British Columbia

'Justice for blemished fruit': How some B.C. companies are fighting global food waste

Nearly a third of food produced worldwide doesn't make it to the shelves — and the waste is a significant contributor to the planet's greenhouse gas emissions, according to the UN. Now some home-grown B.C. companies are providing a solution.

Nearly a third of food produced doesn't make it to the shelves — and the waste pollutes, according to UN

Brody Irvine is one of the brains behind Rebel Food — a program to get ugly organic fruits and veggies into the mouths of consumers to limit the amount of food waste in the region. (Jennifer Chen/CBC)

The United Nations has declared food waste to be a global challenge, and some B.C. produce distributors have their own solution — serving up ugly fruits and veggies.

According to the UN's Food and Agricultural Organization, one-third of the food produced for human consumption ends up being wasted throughout the supply chain — and the waste leads to significant greenhouse gas emissions.

So when organic food distributor Brody Irvine found out that a lot of the produce being harvested in the Lower Mainland doesn't even make it to the grocery store due to "imperfections" — superficial bumps, bruises and scrapes — he decided to do something about it.

He began collecting ugly fruits and veggies from farmers that would otherwise go in the compost bin, and packaging them together under the label "Rebel Food."

Justice for blemished fruits and vegetables

"'Rebel Food' was chosen because we didn't want it to have a negative connotation," he said. "We wanted it to be something that's very powerful — empowering for farmers and empowering for people looking for increased access to organic food."

Irvine says these carrots might look a little 'gnarly', but they pack the same flavour and crunch as their perfectly straight counterparts. (Jennifer Chen/CBC)

Rebel Food is distributed by produce provider Discovery Organics to nearly 20 independent grocery stores in the region.

Irvine purchases the unsightly produce from farmers who have trouble getting it on grocery shelves due to appearance, often leaving the food to rot.

But Irvine says the quirks have no effect on quality.

"We've got some pretty gnarly looking carrots — twisted and forked that still tastes great and still has nice crunch and flavour to it, but normally wouldn't make it to the grocery shelves," said Irvine.

Blemishes on this grapefruit's skin keep it from hitting the shelves of major grocery stores. (Jennifer Chen/CBC)

"We've got bins of apples and bins of carrots [inside our warehouse]. There's a few little bumps and bruises and spots that make them not necessarily premium grade — but perfect for the rebel program," he said.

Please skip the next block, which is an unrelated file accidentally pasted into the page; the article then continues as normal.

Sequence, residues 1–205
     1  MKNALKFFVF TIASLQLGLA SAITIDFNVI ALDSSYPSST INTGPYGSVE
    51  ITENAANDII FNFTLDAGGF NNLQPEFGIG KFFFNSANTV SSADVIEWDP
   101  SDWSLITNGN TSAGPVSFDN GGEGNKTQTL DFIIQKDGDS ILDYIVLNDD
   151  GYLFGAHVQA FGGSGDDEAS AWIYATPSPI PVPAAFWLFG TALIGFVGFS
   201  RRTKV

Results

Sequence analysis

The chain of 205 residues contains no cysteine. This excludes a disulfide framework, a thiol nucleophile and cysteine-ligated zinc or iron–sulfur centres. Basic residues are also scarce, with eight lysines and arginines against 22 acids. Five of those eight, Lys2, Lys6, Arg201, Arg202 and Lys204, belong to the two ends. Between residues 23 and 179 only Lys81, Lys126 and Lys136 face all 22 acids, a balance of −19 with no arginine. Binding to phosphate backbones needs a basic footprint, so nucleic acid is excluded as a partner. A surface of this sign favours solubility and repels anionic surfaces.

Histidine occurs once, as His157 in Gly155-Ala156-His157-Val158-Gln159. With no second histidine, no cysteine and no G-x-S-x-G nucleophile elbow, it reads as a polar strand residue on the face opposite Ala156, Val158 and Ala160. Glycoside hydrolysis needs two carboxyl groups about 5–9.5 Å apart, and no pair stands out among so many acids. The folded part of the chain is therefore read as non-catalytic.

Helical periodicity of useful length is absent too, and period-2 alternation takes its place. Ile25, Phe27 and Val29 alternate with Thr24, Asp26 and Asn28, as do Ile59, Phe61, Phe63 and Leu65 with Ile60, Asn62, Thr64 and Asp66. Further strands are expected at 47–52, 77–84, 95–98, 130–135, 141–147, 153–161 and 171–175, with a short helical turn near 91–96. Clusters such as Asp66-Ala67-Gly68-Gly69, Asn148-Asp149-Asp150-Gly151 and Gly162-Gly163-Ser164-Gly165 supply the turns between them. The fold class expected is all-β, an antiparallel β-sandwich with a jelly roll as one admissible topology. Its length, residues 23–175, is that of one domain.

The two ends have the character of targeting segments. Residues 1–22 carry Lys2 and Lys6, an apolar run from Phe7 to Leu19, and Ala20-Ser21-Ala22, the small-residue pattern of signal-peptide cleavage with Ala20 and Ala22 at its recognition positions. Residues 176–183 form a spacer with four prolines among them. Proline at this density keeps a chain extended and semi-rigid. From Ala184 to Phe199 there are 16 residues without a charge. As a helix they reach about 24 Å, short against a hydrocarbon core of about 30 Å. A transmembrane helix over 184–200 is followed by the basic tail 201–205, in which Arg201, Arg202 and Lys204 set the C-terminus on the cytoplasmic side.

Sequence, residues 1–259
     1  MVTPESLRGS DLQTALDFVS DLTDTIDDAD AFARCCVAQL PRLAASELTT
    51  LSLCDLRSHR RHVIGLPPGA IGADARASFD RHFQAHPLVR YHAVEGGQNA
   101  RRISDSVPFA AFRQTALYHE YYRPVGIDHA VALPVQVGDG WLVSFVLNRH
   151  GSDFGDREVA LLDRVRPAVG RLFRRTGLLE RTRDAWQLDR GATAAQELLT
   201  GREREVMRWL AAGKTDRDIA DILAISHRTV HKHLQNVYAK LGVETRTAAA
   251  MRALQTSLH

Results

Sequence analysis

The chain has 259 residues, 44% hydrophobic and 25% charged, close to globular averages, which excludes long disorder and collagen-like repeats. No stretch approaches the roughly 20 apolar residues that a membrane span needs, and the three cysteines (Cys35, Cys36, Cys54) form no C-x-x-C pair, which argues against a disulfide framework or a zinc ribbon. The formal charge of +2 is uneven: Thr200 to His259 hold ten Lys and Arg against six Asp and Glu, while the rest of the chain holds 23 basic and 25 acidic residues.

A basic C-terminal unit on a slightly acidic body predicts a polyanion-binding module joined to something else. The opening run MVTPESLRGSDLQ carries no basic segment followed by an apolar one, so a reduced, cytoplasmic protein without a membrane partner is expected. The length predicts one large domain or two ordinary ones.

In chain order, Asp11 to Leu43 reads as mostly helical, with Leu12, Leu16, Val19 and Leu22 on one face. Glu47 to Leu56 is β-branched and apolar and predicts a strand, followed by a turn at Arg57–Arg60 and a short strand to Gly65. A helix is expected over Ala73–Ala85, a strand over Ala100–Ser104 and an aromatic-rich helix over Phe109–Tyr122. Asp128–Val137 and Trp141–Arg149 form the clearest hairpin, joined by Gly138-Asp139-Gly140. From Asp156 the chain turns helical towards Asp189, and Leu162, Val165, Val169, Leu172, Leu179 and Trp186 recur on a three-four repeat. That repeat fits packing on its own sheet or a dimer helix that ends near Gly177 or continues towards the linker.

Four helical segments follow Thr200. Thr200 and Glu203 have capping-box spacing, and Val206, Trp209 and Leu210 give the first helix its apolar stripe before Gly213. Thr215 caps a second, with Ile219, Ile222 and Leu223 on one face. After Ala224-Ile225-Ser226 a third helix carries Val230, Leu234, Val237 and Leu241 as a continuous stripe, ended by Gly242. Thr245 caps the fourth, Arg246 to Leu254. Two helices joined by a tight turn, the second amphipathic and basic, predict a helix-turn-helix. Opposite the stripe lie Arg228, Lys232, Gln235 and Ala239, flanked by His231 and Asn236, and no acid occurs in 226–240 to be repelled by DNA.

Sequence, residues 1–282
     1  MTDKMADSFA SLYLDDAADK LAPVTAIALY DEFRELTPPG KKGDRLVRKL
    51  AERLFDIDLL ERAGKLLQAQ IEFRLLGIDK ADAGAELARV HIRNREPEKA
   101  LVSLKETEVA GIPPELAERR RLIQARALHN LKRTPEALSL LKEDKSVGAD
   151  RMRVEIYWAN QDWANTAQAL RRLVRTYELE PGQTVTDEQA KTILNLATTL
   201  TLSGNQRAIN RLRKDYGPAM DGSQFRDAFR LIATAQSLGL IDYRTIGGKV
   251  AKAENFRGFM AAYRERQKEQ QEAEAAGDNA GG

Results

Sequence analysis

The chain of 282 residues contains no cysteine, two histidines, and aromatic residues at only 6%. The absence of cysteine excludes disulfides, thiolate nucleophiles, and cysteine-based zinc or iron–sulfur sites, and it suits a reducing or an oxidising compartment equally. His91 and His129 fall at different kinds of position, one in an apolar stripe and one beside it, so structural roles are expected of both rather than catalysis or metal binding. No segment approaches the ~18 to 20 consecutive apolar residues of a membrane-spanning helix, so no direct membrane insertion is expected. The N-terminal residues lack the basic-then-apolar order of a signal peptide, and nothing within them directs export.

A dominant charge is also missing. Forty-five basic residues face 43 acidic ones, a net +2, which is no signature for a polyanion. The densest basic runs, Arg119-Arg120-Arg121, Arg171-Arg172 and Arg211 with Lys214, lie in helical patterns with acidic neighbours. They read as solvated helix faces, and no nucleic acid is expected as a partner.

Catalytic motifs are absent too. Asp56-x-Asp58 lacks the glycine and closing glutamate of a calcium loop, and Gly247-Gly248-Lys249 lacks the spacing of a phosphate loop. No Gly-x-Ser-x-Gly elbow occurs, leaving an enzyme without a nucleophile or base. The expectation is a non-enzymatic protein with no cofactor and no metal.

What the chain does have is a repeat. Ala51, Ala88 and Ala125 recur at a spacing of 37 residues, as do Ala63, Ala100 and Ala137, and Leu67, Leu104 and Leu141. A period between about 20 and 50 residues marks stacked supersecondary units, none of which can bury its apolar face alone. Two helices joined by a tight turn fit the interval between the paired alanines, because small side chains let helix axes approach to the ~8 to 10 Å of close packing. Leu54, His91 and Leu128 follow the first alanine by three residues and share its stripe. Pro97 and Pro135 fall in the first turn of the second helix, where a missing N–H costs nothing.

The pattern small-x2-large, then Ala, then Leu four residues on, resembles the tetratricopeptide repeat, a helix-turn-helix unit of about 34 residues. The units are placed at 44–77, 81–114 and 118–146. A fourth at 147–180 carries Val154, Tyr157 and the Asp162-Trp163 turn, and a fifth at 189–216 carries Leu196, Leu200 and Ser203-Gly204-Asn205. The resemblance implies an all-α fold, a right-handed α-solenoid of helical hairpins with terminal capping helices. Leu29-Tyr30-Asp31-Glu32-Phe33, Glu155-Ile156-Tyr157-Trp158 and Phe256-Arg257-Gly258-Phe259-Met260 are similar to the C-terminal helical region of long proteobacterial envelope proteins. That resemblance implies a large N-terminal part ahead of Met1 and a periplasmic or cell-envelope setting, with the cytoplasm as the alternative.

"Rebel Food" sells for cheaper than regular organic produce, and the stock has been welcomed by some independent grocers hoping to provide customers with a cheap alternative.

Zero waste agriculture

Some farmers in the Lower Mainland are also working hard towards eliminating waste.

Pete Schouten, owner of Heppels Potatoes Corporation, has been farming in the Fraser Valley for decades while the company has been operating since the 1920s.

Recently it recently started converting waste into energy — Schouten and his partners bought Fraser Valley Bio Gas, which is a commercial-scale digester that cooks manure and agricultural food waste to produce a renewable natural gas that powers more than 1,000 homes across the province through Fortis B.C.

Peter Schouten owns and operates Heppell's Potato Corps., and he uses biogas digesters to turn the farm's food waste into renewable energy. (Jennifer Chen/CBC)

"It was drilled into us since we were kids — you just don't waste anything," said Schouten. "We try to get highest best use out of all of our products, and this was one of the ways we thought we could get rid of some of our waste."

If the farm's produce doesn't meet certain cosmetic standards demanded by grocery chains, they can simply add it to the digester.

"The bio gas plant helps us to us deal with our waste on all facilities," said Schouten. "And it produces renewable natural gas that we think is sustainable long term."

The system — known as zero-waste agriculture — has gained recognition from the world-renowned Singularity University as a major solution to the global agricultural waste problem.

But for Schouten, the solution never seemed too complicated.

"As farmers, you rely on the land — and if you don't take care of the land, then it wont take care of you."

With files from Jennifer Chen and CBC Radio One's North by Northwest

To listen to the full interview, click on the audio labelled: Find out what B.C. companies are doing to eliminate food waste